Leeches as a source of mammalian viral DNA and RNA—a study in medicinal leeches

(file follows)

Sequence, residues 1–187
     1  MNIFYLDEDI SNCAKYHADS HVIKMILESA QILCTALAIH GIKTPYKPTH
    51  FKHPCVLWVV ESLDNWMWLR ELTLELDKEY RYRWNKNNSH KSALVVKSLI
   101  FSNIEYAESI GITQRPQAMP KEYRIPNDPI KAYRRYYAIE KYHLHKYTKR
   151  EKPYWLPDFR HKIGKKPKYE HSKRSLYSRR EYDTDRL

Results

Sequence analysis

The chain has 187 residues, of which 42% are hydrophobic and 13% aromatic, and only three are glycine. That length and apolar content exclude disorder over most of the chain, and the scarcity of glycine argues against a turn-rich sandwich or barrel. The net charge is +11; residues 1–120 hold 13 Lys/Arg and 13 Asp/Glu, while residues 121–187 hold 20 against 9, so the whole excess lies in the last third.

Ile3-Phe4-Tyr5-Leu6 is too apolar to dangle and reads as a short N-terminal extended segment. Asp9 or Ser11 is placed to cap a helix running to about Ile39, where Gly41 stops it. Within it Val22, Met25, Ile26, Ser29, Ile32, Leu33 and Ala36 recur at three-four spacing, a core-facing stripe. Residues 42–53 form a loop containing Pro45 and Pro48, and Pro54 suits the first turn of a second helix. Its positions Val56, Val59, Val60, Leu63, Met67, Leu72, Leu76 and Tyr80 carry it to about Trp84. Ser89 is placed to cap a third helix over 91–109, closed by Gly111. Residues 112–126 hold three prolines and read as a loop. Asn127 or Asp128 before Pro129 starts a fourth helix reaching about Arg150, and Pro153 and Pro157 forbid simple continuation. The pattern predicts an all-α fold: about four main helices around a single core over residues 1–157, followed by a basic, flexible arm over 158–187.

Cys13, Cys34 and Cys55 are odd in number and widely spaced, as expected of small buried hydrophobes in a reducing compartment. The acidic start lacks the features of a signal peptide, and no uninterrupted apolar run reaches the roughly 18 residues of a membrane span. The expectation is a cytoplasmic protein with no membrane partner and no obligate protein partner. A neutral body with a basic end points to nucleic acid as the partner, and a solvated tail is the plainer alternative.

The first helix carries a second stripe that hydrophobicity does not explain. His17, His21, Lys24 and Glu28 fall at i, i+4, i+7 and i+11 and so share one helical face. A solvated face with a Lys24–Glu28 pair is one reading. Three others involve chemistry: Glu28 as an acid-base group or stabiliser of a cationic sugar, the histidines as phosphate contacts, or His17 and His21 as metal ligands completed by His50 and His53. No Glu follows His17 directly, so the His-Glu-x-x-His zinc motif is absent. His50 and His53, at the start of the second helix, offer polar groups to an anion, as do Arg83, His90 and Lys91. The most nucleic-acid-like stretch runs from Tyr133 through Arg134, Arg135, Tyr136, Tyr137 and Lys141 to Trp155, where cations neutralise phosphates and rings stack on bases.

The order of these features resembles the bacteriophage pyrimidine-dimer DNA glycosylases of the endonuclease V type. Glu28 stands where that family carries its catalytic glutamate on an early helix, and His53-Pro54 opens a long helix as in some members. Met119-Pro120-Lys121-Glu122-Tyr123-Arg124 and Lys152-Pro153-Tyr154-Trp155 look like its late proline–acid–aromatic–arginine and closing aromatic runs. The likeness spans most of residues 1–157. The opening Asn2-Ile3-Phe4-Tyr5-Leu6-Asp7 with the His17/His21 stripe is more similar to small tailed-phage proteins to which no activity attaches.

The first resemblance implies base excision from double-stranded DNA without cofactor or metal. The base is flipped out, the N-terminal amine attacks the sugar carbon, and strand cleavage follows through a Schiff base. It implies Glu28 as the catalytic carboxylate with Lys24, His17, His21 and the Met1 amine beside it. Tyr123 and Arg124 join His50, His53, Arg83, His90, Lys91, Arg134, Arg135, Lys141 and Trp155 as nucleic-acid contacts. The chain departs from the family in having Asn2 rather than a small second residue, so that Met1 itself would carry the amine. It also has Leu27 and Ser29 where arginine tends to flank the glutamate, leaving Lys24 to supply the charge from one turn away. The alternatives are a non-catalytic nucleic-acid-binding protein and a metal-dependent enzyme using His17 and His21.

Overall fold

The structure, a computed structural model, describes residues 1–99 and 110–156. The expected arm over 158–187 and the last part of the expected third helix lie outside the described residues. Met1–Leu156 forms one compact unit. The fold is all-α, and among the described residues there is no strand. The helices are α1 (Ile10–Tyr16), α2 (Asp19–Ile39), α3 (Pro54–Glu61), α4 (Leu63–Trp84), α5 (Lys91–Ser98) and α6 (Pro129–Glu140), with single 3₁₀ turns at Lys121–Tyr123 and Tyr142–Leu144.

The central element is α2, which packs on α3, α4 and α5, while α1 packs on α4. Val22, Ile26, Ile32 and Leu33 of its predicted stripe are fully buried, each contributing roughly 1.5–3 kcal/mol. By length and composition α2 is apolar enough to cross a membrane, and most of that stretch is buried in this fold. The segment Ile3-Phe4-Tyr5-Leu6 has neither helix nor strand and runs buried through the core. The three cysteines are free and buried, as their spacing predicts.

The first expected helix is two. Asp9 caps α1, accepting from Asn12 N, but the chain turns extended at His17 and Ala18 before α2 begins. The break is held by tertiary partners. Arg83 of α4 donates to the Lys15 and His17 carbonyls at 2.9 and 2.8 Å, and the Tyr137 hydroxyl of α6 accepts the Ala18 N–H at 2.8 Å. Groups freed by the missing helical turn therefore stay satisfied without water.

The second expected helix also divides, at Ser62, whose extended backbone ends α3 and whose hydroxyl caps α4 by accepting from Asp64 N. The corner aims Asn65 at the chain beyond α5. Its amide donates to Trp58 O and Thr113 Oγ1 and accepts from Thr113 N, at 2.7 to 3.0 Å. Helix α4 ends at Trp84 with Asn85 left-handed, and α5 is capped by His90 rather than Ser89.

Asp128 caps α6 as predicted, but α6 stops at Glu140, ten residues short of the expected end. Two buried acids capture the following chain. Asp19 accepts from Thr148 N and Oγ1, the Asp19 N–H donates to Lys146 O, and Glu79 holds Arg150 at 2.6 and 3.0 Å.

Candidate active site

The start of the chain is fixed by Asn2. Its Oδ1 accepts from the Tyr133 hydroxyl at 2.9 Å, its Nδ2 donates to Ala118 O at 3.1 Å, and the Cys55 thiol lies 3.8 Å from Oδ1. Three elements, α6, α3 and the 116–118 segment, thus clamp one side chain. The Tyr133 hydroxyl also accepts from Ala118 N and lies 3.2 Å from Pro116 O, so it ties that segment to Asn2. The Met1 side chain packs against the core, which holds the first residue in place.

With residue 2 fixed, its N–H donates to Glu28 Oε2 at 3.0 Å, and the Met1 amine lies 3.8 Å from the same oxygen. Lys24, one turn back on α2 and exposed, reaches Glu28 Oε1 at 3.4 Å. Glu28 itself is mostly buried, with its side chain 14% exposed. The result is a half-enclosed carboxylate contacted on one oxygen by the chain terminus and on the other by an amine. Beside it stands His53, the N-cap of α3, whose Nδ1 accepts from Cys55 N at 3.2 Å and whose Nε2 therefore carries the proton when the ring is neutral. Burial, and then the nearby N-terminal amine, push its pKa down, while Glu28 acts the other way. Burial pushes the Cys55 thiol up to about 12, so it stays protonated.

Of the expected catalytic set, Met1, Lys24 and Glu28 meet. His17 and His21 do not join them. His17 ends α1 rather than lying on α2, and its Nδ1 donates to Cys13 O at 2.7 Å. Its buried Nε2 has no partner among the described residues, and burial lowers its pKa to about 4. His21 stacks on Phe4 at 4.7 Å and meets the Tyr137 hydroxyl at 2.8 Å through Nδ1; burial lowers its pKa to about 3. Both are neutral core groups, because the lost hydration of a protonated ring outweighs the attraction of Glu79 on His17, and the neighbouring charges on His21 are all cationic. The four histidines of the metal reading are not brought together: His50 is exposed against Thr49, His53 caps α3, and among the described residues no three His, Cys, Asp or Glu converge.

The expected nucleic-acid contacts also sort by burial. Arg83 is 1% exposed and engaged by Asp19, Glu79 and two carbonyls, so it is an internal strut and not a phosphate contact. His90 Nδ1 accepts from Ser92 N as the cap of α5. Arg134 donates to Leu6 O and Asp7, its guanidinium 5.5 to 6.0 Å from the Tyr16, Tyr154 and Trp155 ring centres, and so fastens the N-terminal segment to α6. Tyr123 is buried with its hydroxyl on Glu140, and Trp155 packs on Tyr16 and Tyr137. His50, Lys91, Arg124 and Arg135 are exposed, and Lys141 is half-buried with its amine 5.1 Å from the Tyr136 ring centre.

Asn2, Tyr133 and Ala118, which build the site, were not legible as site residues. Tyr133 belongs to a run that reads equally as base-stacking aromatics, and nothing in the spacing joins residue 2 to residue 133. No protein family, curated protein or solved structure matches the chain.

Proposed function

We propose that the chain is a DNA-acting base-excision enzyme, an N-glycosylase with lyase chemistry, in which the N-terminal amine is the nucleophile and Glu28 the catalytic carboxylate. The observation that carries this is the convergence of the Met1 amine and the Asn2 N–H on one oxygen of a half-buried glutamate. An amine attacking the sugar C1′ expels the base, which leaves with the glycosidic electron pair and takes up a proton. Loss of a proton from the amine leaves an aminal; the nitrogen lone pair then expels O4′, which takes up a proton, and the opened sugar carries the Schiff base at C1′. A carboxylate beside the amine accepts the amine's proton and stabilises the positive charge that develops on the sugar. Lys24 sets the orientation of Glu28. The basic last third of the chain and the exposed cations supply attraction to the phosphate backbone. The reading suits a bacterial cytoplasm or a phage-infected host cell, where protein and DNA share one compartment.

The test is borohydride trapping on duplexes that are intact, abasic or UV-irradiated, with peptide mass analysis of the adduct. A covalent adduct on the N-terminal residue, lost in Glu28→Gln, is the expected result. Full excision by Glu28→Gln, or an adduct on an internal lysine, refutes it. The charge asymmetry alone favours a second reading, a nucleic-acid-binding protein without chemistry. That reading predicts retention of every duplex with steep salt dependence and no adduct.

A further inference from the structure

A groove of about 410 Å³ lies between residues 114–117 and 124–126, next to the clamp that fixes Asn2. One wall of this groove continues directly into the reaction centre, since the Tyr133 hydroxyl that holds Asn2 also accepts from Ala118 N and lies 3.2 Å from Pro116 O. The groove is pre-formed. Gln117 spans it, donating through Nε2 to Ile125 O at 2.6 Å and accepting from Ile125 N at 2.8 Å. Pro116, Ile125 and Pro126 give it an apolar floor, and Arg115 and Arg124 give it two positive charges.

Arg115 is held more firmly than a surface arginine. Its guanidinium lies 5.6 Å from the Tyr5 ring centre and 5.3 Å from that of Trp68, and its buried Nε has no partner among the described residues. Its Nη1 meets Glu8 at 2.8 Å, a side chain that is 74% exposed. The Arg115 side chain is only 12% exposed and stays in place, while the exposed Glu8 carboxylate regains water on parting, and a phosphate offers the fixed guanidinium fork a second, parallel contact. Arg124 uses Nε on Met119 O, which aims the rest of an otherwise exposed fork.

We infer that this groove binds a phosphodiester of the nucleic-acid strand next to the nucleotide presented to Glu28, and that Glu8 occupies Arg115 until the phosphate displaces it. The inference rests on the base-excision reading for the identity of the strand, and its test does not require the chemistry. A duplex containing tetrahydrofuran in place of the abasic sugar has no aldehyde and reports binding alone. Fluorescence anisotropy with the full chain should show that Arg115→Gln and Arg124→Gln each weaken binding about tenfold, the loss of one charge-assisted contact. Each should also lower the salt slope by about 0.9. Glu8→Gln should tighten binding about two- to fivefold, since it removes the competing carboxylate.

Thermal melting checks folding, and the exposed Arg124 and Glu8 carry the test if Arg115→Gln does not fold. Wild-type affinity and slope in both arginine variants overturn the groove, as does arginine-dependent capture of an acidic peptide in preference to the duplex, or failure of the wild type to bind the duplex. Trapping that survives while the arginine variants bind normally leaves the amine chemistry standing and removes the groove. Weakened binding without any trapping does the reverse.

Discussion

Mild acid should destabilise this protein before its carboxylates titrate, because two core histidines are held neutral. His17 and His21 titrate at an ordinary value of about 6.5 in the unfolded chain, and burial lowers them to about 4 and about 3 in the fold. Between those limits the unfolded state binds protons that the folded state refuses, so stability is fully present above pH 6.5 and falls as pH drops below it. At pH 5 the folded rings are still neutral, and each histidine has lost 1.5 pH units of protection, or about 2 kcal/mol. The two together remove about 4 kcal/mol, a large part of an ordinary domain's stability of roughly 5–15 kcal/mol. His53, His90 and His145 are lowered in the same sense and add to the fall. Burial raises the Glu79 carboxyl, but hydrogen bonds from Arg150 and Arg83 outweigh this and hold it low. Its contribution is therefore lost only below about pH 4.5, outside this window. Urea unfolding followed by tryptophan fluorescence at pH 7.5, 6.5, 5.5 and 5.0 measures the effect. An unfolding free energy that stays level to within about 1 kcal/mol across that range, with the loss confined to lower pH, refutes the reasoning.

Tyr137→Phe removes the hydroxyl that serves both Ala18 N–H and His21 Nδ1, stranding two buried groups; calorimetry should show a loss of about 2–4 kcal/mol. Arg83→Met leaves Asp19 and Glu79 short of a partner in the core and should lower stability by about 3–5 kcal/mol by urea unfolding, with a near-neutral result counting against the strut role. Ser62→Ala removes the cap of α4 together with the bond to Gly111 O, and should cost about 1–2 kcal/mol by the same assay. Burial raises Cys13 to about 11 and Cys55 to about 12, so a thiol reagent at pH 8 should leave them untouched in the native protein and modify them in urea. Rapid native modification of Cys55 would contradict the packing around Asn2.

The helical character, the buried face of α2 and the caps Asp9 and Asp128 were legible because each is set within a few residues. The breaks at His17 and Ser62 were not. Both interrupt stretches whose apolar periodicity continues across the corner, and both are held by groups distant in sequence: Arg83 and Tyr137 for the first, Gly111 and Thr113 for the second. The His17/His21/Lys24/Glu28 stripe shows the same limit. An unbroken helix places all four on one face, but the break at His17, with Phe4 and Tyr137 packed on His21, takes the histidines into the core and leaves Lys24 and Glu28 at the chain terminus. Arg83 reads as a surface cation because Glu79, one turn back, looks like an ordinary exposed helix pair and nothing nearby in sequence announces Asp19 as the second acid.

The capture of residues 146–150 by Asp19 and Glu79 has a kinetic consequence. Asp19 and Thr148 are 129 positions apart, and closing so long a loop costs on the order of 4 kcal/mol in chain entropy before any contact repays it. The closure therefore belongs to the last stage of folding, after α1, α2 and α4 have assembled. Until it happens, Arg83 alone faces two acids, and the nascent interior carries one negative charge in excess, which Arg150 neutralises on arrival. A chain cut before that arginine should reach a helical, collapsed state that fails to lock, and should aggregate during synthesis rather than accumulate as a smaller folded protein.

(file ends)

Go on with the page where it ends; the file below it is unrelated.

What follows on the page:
Detection of trypanosomes that cause disease in human beings and livestock within their tsetse fly hosts is an essential component of vector and disease control programmes. Several molecular-based diagnostic tests have been developed for this purpose. Many of these tests, while sensitive, require analysis of trypanosome DNA extracted from single flies, or from pooled tsetse fly heads and amplified trypanosome DNA. In this study, we evaluated the relative analytical and diagnostic sensitivities of two PCR-based tests (ITS and TBR) and a Trypanozoon specific LAMP assay using pooled whole tsetse flies and midguts spiked with serially diluted procyclics of a laboratory strain of Trypanosoma brucei brucei (KETRI 3386). Test sensitivity was also evaluated using experimentally infected tsetse flies. The aim was to determine the most appropriate pooling strategy for whole tsetse and midguts. RIME-LAMP had the highest diagnostic sensitivity (100%) followed by TBR-PCR (95%) and ITS-PCR (50%) in detecting trypanosome DNA from pooled tsetse midguts. RIME-LAMP also had the best diagnostic specificity (75%) followed by ITS-PCR (68%) and TBR-PCR (50%). The relative detection limit determined by serial dilution of procyclics was below 10(-6) (equivalent to 1parasite/ml). Using TBR-PCR, ITS-PCR and RIME-LAMP, it was possible to detect trypanosome DNA in single flies or in pools of 2, 3, 4, 5, 10, or 15 flies/midguts. The proportion of positive pools declined by up to 60% when testing pools of 15 whole flies as opposed to testing pools of 5-10 flies. Additionally, it was possible to detect DNA in a single infected tsetse fly in the background of 4, 9, or 14 uninfected tsetse flies. Averaged across pool sizes and tsetse species, RIME-LAMP detected the highest proportion of positive pools in spiked whole tsetse and midguts (86.6% and 87.2%) followed by TBR-PCR (78. 6% and 79.2%) and ITS-PCR (34.3% and 40.2%). There were no significant differences between the proportions of positive pools detected in whole flies and midguts. We conclude that pooling of whole tsetse/midguts is an effective strategy to reduce hands-on-time and hence has potential application in large scale xenomonitoring to generate epidemiological data for decision making. RIME-LAMP offers the best diagnostic sensitivity and specificity on pooled tsetse midguts, thus demonstrating its superior diagnostic performance when compared with TBR-PCR and ITS-PCR. Using pools of whole tsetse or midguts as source of DNA does not have any significant effect on test results and is more representative of the field conditions where the proportion of flies with infected midguts tends to be higher than flies with infected salivary glands. Therefore to save time and minimize costs, pooling of whole tsetse flies is recommended.